Index-tracking funds, commonly called index funds or tracking funds, are funds set up to track the index performance of a particular investment market.
The investment objective of an index-tracking fund is to provide investors with returns substantially in line with the performance of the relevant index.
When constructing the investment portfolio of an index-tracking fund, a full replication strategy may be adopted by investing substantially in the constituent shares of the relevant index broadly in proportion to the respective weightings of the constituent shares such that the fund can track the performance of that particular index as closely as possible.
An index-tracking fund may adopt other tracking strategies such as representative sampling and synthetic replication.
As the investment portfolio of such a fund often replicates a particular index through direct investment, or through investment in one or more index-tracking collective investment schemes (ITCIS), the fund manager will only need to make corresponding adjustments to the investment portfolio of the fund when there are changes in the constituent shares of the index tracked or in their weightings.
In other words, index-tracking funds are passively managed.
HSBC MPF Constituent Funds
Advantages of an index-tracking fund
- The management fees charged for an index-tracking fund is generally lower than that for an actively-managed fund
As an index-tracking fund makes investments by following the weightings of constituent shares in the index tracked, the fund manager or fund company normally does not need to invest so much time and resources to analyse the long-term development of the market and the entities invested. As a result, it follows that the fund management fee charged for an index-tracking fund can generally be lower than that for an actively-managed fund.
- It's easier for investors to keep abreast of fund performance
Index-tracking funds normally track a particular index through direct investment or through investment in one or more ITCIS. Since the performance of the constituent shares of the relevant index and their weightings are already directly reflected in the index-tracking fund, there is high transparency with such a fund and investors can easily keep abreast of fund performance.
As index-tracking funds generally make their investments by replicating the weightings of constituent shares in the indexes tracked, the funds will have performance substantially in line with the relevant index as opposed to the result of active investment decisions made by fund managers.
If investors are optimistic about the long-term economic situation of the region they have placed their investments in, they need not worry about fluctuations of the index-tracking fund and the general market performance in the short run.
Notes to investors
Before deciding to invest in an index-tracking fund, investors should first consider their own risk tolerance, the investment objectives of the fund and the risk rating concerned. As an index-tracking fund may principally invest in a couple of dozens of constituent shares only, risk diversification achieved by the use of an index-tracking fund may not be as effective as in the case of other funds.
In addition, as a result of trading cost, fiscal charges*, stamp duties and other levies payable when there are changes in the constituent shares or when adjustments are made to the investment portfolio for cashflow reasons, there may be a certain discrepancy known as the tracking error between the actual returns of an index-tracking fund and the performance of the relevant index or the general market performance. Investors should refer to the corresponding Principal Brochure of the relevant MPF scheme for further details of the risks associated with investing in a specific index-tracking fund.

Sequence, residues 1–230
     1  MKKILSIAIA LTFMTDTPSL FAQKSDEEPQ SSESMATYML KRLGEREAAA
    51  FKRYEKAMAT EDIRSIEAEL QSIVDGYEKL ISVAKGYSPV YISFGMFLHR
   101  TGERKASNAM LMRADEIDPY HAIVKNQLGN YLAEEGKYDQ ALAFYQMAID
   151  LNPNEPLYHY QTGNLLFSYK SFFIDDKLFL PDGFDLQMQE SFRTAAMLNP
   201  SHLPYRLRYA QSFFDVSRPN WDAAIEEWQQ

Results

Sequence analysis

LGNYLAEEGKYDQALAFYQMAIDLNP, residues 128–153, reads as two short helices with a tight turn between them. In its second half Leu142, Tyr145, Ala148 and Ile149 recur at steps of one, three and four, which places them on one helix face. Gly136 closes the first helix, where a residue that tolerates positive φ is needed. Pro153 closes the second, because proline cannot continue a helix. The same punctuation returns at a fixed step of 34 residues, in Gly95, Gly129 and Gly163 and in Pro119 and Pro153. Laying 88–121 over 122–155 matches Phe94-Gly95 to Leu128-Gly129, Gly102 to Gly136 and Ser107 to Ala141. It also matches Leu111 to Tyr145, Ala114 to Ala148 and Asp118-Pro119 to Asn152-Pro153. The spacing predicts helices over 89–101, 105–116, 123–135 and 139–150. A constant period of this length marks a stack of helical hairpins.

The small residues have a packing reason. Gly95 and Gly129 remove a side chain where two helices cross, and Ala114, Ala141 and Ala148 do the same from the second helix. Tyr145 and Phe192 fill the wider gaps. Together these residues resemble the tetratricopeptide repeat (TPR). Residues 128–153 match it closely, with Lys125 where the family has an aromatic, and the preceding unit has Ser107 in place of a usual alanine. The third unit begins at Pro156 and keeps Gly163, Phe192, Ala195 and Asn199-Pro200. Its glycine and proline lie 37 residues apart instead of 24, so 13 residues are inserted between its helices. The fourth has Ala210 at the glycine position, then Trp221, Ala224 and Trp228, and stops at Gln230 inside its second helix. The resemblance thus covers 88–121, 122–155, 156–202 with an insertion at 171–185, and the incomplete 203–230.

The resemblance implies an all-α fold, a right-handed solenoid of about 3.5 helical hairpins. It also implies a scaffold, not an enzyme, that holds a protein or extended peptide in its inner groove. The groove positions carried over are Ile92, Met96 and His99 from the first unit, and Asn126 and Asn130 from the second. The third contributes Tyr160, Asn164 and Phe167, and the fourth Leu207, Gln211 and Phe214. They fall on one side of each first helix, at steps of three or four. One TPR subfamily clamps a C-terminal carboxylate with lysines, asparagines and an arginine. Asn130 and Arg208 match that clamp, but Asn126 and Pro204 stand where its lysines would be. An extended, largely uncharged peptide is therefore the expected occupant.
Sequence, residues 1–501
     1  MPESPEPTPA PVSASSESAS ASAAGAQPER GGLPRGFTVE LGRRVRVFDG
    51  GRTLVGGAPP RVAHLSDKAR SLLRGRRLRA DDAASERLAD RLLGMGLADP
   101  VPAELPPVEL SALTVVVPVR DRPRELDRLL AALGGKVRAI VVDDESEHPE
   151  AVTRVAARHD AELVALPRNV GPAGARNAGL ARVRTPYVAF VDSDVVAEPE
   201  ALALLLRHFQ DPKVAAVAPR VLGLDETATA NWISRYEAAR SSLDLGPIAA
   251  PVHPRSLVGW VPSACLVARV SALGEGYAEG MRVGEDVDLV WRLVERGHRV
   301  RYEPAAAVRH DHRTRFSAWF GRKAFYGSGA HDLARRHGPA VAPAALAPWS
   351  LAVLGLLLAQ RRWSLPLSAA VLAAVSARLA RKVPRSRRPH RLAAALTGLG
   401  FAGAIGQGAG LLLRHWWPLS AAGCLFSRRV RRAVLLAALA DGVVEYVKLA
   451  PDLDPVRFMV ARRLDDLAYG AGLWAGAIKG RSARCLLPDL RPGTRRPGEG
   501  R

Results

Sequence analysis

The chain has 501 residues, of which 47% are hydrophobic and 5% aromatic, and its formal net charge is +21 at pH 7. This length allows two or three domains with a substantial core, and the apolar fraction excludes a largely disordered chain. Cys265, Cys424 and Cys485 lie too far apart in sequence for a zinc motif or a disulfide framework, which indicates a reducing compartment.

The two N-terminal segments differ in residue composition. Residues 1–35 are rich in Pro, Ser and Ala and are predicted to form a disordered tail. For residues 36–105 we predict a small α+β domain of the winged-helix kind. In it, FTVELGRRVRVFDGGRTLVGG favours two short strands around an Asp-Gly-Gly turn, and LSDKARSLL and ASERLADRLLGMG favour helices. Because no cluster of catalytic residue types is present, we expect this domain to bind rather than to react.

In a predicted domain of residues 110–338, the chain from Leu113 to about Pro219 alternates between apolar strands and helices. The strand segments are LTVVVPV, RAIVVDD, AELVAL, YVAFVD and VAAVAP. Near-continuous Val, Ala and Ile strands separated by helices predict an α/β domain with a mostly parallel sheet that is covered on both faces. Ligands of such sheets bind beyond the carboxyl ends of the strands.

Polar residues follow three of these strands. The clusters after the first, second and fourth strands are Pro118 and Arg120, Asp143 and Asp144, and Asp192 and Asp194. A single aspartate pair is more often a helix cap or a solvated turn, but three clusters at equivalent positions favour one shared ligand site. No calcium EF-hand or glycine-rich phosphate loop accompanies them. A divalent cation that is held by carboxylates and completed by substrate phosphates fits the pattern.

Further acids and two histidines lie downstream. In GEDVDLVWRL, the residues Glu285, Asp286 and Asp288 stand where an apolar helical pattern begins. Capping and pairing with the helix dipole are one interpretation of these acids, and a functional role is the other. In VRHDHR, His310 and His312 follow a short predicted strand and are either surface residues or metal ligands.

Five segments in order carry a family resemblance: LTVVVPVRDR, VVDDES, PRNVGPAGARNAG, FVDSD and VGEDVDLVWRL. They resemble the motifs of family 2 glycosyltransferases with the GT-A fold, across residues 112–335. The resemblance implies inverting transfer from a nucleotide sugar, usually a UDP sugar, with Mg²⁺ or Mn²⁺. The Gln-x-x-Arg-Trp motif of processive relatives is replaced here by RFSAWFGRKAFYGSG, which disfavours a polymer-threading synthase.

*Mechanism of fiscal charges may include the following or other circumstances: for certain investment funds in the market, when calculating the Issue Price and Redemption Price, to ensure all Unitholders are treated fairly, where the number of Units of a fund to be issued on a Dealing Day exceeds the number of Units of the fund to be redeemed on that Dealing Day, the Manager is given the power under the trust deed of the fund, in determining the issue price of a Unit of the fund, to add to the Net Asset Value per Unit (before making any rounding adjustment) an amount, for the account of the relevant Fund, which it considers to be an appropriate allowance to reflect duties (such as stamp duties) and charges which would be incurred if the investments of the relevant Fund were to be acquired at the values attributed to them. Similarly, where the number of Units of a fund to be redeemed on a Dealing Day exceeds the number of Units of the fund to be issued on that Dealing Day, the Manager is empowered, when determining the redemption price of any Unit, to deduct for the account of the relevant Fund from the Net Asset Value per Unit (before making any rounding adjustment) an amount which it considers to be an appropriate allowance to reflect duties (such as stamp duties) and charges which would be incurred if the investments of the relevant Fund were to be sold at the values attributed to them.
Information on index-tracking funds available under HSBC MPF Scheme.
The above information is provided solely for reference. Investments involve risks. Past performance is not indicative of future performance. The value of financial instruments, in particular stocks and shares, and any income from such financial instruments, may go down as well as up. For further details including the product features and risks involved, please refer to the MPF Scheme Brochure.
If you're in doubt about the meaning and effect of the content of this article, you should seek independent professional advice.